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Music Review: The Baskervilles – Twilight

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Something about this CD just makes me happy. It’s not only the tripping melodies and head-bopping beats, or even the snappy horns that this New-York-based indie band has added since its last album. No, there’s something else, an effervescent glee that seems to come fizzing right out of the speakers. If that sounds saccharine, I promise it isn’t – somehow Twilight carries it off, with glints of snarky weirdness and irrepressible wit.

Just as the title suggests, Twilight is a beguiling mix of sunglow and shadow. The Baskervilles’ crisp, bright sound clearly harks back to classic 60s backbeat pop, but they distill those influences into something deliciously twisted and modern. Like Belle and Sebastian, to whom they’re often compared (only natural, given the similar male and female vocals), the Baskervilles sketch slanted little fragments of life, with a chronically upbeat approach that also recalls the Apples in Stereo.

First, there are the misfit protagonists, from the restaurant co-workers in the charged-up opening track, “A Little More Time” (“you’re a disaster just like me / breaking plates and spilling things”) to the girl trapped mid-traffic in “Caught In A Crosswalk,” the clubhopping nightbirds of “Have You Seen Them?,” and the slackers hitting on each other at night in a park in “Moves.”

A geeky strain of absurdity also rescues these songs from pop conventions. On “Where Did My Summer Go?” with its “Penny Lane”-like trumpet, the singers freak out over a summer storm (“A crack of thunder / From Olympus / And we’re under our beds”); on “Sweet and Sour,” a fumbling couple “didn't know where our tongues go / And they were not slow." Accepting one's inner dork is presented practically as a zen exercise in "Slip A Little and Then BOOM!"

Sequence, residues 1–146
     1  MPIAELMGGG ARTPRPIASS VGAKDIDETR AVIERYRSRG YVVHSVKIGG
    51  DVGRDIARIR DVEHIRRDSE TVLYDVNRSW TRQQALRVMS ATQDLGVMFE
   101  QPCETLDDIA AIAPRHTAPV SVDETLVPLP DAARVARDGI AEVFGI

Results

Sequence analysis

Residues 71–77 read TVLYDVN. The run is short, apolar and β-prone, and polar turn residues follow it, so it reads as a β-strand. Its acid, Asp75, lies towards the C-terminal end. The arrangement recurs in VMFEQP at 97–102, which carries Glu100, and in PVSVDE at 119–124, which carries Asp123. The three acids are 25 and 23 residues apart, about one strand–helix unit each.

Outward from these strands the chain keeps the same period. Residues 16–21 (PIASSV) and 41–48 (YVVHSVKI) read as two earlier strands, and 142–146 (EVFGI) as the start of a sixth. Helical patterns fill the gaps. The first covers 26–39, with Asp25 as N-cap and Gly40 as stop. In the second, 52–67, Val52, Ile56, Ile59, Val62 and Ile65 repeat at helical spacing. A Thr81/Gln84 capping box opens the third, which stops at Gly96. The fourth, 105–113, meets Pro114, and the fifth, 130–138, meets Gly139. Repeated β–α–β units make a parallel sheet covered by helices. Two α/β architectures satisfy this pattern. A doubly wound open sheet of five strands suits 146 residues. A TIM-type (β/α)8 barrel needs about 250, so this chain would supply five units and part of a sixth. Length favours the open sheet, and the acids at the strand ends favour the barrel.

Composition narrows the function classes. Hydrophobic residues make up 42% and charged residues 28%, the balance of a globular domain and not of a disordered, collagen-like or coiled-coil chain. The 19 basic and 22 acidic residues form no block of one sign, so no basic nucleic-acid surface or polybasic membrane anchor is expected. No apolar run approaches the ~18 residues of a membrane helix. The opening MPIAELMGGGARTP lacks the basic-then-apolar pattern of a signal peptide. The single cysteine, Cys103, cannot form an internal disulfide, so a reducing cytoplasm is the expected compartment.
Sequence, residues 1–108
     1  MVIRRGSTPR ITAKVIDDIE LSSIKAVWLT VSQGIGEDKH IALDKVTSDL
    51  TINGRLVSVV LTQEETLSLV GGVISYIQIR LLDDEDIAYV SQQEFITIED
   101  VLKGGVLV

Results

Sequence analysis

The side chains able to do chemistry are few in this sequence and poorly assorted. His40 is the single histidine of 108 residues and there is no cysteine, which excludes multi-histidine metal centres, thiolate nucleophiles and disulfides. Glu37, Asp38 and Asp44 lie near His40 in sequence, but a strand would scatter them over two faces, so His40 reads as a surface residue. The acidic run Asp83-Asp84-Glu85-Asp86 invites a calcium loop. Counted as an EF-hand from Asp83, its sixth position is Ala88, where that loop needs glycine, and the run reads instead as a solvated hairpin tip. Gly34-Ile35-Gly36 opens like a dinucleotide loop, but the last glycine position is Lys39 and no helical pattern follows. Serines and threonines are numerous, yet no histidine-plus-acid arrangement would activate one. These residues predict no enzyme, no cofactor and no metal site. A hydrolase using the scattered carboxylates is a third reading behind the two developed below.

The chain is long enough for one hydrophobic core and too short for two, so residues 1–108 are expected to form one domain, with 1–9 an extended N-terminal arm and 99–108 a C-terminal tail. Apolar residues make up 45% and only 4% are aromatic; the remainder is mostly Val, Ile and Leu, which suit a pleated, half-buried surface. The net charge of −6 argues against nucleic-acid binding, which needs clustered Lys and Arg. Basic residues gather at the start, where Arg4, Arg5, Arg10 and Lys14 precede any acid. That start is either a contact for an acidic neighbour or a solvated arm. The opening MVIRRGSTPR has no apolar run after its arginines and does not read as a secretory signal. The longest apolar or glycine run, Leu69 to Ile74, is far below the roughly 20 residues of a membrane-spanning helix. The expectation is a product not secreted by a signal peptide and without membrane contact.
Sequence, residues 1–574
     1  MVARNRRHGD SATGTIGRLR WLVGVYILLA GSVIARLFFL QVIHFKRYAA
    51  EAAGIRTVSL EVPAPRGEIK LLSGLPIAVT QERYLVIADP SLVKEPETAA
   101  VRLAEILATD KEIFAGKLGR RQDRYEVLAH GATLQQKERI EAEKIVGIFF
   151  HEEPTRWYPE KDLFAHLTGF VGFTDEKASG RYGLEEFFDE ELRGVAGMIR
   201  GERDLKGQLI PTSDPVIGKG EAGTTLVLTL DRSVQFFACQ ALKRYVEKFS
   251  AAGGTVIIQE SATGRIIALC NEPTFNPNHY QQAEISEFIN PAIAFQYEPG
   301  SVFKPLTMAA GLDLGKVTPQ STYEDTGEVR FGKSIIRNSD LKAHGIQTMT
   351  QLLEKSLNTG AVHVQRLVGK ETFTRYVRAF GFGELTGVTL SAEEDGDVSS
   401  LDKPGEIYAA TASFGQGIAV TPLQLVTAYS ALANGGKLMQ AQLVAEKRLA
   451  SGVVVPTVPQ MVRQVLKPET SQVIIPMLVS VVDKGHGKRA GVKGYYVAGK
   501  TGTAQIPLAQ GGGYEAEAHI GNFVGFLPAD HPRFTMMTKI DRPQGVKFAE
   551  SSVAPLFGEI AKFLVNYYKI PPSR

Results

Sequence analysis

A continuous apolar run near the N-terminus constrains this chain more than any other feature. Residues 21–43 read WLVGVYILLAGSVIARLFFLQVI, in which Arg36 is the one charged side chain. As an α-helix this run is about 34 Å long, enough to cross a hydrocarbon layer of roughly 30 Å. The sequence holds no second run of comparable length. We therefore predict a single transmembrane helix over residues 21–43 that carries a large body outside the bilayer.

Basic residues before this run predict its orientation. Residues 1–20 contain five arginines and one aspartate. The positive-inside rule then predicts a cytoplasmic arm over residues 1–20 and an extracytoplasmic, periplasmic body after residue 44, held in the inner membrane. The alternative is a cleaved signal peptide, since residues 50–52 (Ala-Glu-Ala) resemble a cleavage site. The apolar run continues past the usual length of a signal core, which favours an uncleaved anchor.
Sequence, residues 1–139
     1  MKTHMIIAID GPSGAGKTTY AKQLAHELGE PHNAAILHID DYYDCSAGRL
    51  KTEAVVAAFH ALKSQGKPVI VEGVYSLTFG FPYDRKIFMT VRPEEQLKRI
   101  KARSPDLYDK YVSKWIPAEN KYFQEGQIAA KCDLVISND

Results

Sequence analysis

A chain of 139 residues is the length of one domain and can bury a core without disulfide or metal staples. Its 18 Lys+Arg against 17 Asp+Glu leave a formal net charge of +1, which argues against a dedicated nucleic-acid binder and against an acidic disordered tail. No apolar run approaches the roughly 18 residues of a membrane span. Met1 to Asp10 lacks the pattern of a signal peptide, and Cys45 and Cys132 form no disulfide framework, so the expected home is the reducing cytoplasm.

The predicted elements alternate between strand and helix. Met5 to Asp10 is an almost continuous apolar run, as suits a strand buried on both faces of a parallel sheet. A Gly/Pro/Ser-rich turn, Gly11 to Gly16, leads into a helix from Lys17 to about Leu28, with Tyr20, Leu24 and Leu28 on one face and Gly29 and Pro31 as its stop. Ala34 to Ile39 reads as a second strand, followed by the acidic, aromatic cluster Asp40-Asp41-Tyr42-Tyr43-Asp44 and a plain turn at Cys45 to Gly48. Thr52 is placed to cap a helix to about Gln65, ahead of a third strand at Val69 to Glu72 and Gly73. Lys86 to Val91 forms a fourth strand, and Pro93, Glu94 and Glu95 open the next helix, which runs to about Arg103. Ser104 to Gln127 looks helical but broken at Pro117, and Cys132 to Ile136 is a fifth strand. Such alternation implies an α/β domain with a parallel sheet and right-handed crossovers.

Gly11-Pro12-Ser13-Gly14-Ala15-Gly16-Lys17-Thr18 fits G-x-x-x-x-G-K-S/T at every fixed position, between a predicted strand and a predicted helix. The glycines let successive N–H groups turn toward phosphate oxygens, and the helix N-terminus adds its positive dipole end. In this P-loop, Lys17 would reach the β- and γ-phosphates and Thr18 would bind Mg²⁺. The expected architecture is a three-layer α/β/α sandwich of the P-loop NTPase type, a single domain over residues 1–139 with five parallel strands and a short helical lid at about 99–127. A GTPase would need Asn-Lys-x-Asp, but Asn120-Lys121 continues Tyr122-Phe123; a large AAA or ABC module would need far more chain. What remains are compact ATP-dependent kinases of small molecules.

If the songs are mostly random vignettes rather than Major Epiphanies, well, that’s the postmodern sensibility for you. The only thing that comes even close to a philosophy of life is the deceptively bright “Everybody Looks Not Everybody Finds,” and even there, exactly what human beings should be looking for (but can't find) is never spelled out. (It took several listens for me to pick up on the beyond-the-grave perspective of this one.)

What they're looking for, though, is probably love, that eternal pop music topic – there’s romance in the air throughout this album, even if it's not always the forever-and-ever kind of love (check out the gauzy “Staying There For a While” or the winsome seduction of “Come Up and See Me (Make Me Smile).” Their characters are reckless, awkward, endearingly goofy romantics, like in “The Apartment,” where new lovers exult “Don’t wanna go home” even as they giddily admit “we may need vaccinations.” Even an ex-partner is deliberately remembered with affection in "It's A Red Fade That Leaves in a Warm Way."

Full disclosure: songwriter/singer/guitarist Rob Keith teaches at my kids’ school, and we’ve chatted about music; once I even sold him extra tickets to a Ray Davies concert. But I’m convinced that I’d have liked this CD even if I didn’t know anybody in the band. (Frankly, I'm just grateful that knowing Rob led me to discover this band's music.)  And though I was charmed by their low-fi debut Baskervilles, I see a huge leap forward with this third album. Though they’ve added horns and strings, the sound is never over-produced – it simply offers a greater variety of ways for them to deliver those catchy pop hooks. (The one exception is a track called “Smash,” a reworking of an earlier song called “This Was the Weekend,” which does seem overloaded with horns.)

Ultimately, it’s those tuneful hooks that prevail. And if the lyrics are a little off-kilter, so much the better.

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About Holly Hughes